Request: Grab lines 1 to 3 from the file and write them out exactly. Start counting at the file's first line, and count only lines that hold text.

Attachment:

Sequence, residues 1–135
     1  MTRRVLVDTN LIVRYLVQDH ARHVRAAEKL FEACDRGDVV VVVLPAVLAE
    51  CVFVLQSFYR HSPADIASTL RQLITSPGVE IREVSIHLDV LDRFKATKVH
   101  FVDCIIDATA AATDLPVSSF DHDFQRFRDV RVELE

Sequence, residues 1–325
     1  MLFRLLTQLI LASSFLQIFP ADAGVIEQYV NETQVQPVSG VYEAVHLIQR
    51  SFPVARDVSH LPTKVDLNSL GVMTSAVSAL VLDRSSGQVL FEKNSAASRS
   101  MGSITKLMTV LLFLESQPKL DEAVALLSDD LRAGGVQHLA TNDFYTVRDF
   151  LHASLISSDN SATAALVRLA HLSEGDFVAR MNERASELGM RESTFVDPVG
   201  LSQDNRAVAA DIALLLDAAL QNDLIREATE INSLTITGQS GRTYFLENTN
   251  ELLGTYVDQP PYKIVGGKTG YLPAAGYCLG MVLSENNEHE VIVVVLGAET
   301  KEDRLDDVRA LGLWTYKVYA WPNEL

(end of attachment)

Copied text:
Sequence, residues 1–135
     1  MTRRVLVDTN LIVRYLVQDH ARHVRAAEKL FEACDRGDVV VVVLPAVLAE
    51  CVFVLQSFYR HSPADIASTL RQLITSPGVE IREVSIHLDV LDRFKATKVH